Natural Gas And Renewable Energy May Be Complementary – Major Study Cited By PennEnergy The Brattle Group indicates that in Texas wind power could work very well with additional power supplied by natural gas

By Paolo von Schirach

June 14, 2013

WASHINGTON – It is obvious that abundant and cheap US natural gas has forced and will force a reassessment of the real economic advantages of renewable energy technologies. Until not too long ago, the projection was that US fossil fuels were becoming scarce and progressively more expensive. Therefore it was logical to look at renewables as the obvious alternative for electric power generation. But now it is no longer so, because today the US has plenty of inexpensive natural gas that in most instances is more cost effective than any renewable technology.


That said, according to the findings elaborated by the Brattle Group, summarized in a June 11, 2013 article in PennEnergy ( Natural Gas and renewable Energy: Friends or Foes?) reproduced below there may be very good synergies between natural gas and renewable technologies, especially wind power.  

Here is the PennEnergy piece:

“The path to resource adequacy and low-carbon generation in the Texas electric power market will likely require the co-development and integration of both natural gas and renewable energy resources for years to come, economists at The Brattle Group find in a new report prepared for the Texas Clean Energy Coalition (TCEC).

The report analyzes the short- and long-term relationship between natural gas and renewable resources in the Electric Reliability Council of Texas (ERCOT) electricity market, which covers 85 percent of the state’s electric load.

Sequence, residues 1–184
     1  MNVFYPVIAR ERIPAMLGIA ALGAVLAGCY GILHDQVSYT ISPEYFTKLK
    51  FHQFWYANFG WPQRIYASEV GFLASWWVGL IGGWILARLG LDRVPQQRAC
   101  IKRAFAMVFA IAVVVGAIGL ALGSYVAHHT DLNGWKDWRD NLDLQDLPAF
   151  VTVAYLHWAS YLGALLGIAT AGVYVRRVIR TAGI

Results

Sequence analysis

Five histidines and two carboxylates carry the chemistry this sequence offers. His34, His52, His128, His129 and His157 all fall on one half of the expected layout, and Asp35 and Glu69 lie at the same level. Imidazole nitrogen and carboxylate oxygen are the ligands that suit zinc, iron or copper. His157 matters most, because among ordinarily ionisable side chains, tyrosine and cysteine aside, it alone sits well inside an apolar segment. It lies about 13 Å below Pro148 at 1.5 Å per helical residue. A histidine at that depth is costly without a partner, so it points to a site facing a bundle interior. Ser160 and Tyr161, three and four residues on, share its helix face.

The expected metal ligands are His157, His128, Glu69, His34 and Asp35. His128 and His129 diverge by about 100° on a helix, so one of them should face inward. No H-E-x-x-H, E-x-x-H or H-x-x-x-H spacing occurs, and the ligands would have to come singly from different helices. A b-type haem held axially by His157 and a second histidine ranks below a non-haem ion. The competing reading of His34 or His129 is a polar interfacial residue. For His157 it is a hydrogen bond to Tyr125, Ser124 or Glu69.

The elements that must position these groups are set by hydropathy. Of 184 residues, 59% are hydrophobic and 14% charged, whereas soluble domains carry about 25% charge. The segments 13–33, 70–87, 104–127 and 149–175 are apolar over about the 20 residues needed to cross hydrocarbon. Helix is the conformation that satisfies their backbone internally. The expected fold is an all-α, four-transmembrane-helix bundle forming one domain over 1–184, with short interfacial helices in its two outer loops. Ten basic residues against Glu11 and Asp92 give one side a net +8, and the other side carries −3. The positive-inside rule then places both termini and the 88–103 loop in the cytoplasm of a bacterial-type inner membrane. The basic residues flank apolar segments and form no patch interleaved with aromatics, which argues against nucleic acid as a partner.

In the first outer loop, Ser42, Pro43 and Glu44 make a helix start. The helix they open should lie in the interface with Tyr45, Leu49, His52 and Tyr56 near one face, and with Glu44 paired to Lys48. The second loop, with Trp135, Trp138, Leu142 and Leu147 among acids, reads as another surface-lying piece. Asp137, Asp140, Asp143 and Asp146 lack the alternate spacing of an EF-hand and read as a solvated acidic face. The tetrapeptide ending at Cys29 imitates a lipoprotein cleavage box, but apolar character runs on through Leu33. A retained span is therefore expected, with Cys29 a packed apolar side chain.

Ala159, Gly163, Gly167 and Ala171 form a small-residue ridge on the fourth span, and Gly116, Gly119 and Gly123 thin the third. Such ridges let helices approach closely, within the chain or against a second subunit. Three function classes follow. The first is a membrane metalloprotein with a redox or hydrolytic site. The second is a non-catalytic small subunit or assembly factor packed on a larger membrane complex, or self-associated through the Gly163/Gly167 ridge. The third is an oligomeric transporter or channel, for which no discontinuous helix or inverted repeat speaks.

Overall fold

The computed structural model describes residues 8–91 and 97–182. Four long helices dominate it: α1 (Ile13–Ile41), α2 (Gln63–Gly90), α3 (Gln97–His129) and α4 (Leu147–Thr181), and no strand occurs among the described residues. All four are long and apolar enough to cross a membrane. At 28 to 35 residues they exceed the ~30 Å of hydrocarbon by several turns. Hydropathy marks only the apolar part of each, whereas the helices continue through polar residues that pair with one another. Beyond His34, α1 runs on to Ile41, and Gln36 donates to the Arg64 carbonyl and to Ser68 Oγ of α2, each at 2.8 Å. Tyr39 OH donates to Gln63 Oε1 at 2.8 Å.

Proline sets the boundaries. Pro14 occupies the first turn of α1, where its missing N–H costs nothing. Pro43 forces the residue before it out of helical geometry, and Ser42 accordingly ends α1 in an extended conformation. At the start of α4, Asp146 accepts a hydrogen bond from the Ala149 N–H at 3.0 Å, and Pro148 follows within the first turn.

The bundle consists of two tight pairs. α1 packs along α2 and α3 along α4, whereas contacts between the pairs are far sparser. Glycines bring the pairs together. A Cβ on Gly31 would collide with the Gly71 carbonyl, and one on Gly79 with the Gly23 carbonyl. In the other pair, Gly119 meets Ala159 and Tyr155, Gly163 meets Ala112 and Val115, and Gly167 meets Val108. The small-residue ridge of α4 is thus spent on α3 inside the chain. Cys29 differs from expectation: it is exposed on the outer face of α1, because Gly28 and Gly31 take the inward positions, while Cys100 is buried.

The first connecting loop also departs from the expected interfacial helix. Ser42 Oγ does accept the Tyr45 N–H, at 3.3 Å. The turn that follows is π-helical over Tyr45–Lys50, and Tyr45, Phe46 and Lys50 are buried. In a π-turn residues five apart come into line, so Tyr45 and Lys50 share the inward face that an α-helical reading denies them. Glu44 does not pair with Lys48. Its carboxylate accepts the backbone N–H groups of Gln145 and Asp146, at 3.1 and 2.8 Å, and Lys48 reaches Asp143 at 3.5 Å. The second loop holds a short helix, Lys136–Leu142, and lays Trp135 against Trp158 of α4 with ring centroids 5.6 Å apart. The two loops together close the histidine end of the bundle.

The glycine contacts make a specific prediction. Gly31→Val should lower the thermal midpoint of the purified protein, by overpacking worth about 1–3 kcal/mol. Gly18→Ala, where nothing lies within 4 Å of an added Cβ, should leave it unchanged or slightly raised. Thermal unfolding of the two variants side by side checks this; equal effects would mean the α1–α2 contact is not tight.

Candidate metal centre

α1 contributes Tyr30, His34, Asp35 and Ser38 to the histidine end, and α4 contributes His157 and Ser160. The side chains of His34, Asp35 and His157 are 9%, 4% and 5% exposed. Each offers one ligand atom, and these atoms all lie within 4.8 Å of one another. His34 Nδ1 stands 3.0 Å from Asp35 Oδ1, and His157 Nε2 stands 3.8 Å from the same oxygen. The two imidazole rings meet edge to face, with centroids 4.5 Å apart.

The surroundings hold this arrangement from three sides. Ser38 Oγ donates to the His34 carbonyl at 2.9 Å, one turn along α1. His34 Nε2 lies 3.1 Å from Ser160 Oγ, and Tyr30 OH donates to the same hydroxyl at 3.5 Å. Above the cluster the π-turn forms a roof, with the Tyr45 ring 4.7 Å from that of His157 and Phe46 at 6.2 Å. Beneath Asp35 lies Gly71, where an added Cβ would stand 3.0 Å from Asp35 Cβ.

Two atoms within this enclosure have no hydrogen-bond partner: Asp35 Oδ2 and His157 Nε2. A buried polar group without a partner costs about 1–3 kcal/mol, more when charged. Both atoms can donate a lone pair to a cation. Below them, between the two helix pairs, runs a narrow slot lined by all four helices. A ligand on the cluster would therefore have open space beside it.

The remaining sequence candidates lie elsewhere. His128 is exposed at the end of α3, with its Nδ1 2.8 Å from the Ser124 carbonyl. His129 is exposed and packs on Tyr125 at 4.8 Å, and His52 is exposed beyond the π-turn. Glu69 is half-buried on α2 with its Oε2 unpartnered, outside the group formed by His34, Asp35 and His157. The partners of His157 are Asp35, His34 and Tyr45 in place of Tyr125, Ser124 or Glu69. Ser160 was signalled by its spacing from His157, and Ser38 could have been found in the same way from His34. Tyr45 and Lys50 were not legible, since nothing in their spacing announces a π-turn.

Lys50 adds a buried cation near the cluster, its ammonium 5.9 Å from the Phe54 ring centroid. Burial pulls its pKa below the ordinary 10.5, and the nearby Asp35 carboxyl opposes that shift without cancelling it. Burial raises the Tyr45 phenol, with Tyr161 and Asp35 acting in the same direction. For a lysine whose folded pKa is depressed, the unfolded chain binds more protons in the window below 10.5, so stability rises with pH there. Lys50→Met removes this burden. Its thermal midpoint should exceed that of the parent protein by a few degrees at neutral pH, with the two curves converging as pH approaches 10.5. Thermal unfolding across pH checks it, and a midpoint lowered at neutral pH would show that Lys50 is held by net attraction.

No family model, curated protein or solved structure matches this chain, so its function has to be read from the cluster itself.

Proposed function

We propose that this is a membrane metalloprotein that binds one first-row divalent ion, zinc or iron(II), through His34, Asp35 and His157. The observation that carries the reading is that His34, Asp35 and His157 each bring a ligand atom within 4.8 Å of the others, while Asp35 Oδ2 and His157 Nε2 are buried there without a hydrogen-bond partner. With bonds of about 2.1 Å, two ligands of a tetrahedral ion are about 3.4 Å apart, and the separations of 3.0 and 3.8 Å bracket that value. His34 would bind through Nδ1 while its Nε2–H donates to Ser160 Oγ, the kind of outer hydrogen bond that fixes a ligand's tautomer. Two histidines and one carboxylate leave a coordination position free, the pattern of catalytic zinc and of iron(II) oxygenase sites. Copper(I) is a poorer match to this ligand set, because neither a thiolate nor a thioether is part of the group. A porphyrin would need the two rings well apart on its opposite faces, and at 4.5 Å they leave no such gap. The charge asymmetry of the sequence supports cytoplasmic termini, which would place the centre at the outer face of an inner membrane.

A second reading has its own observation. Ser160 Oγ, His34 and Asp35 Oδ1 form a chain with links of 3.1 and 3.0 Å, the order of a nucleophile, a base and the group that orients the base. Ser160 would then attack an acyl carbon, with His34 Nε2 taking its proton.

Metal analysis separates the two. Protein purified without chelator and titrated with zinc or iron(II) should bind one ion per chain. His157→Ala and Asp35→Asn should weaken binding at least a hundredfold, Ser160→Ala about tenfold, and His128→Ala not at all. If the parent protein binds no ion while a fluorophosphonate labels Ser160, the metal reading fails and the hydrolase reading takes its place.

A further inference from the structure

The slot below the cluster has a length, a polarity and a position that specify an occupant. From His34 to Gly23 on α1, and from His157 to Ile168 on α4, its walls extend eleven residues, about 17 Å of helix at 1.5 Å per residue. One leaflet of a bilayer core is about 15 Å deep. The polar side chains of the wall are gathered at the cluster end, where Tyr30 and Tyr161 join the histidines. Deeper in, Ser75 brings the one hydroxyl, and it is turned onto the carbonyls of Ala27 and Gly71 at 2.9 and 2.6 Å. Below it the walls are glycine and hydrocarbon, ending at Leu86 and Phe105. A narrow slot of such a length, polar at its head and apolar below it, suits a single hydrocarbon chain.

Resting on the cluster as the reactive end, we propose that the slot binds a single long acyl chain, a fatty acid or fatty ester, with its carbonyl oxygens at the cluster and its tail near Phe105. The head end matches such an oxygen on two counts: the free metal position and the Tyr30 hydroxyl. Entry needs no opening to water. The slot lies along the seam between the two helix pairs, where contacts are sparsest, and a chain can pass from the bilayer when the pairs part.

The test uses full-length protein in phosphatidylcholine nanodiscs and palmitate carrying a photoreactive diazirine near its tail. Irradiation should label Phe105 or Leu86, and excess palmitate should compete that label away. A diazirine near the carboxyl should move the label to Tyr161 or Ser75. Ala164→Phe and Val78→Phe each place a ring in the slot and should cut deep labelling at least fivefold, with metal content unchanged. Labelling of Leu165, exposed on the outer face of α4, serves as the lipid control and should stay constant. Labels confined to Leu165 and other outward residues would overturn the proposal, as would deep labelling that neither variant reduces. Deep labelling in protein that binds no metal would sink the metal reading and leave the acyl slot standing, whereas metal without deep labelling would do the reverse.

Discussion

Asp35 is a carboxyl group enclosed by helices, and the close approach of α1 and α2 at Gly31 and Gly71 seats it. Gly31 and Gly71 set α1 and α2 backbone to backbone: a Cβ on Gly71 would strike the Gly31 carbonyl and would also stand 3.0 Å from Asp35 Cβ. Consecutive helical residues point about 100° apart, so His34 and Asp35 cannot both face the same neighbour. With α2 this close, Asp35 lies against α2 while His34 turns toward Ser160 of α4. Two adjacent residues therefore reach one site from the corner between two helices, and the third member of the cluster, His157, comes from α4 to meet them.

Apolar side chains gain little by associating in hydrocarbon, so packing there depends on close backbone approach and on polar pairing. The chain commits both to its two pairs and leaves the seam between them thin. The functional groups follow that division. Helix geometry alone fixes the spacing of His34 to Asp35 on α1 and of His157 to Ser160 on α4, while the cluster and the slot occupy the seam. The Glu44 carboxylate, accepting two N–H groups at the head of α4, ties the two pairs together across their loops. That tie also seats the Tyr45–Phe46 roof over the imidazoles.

“Low-priced natural gas and clean renewable resources are complementary, not competing, resources to displace other fuels over the long term. Coordinated development of both will lead to a win-win for Texas and the environment,” former state Sen. Kip Averitt and TCEC chairman said of the report sponsored by the Cynthia and George Mitchell Foundation. Mitchell, a pioneer in the Texas oil and gas industry, laid the groundwork for the shale gas revolution that is taking place across the U.S.

The first of a two-part study, “Partnering Natural Gas and Renewables in ERCOT” explains how gas and renewables can be complements, depending on the time frame of analysis as well as a number of additional factors. These factors include items such as the long-run trajectory of gas prices, renewable technology costs, electricity market rules and complementary policies affecting all power generation technologies.

The paper explains that wind and solar power are inexpensive to dispatch because they have no fuel cost, ie. there is no charge for the sun to shine or the wind to blow.  In comparison, natural gas-fired generation is more expensive to dispatch even at very low $4/MMBTU gas prices. 

“As a consequence, once wind and solar power is built, renewable resources are always cheaper to dispatch, and will be chosen to sell all their power whenever the wind blows or the sun shines regardless of the current price of gas,” Averitt said.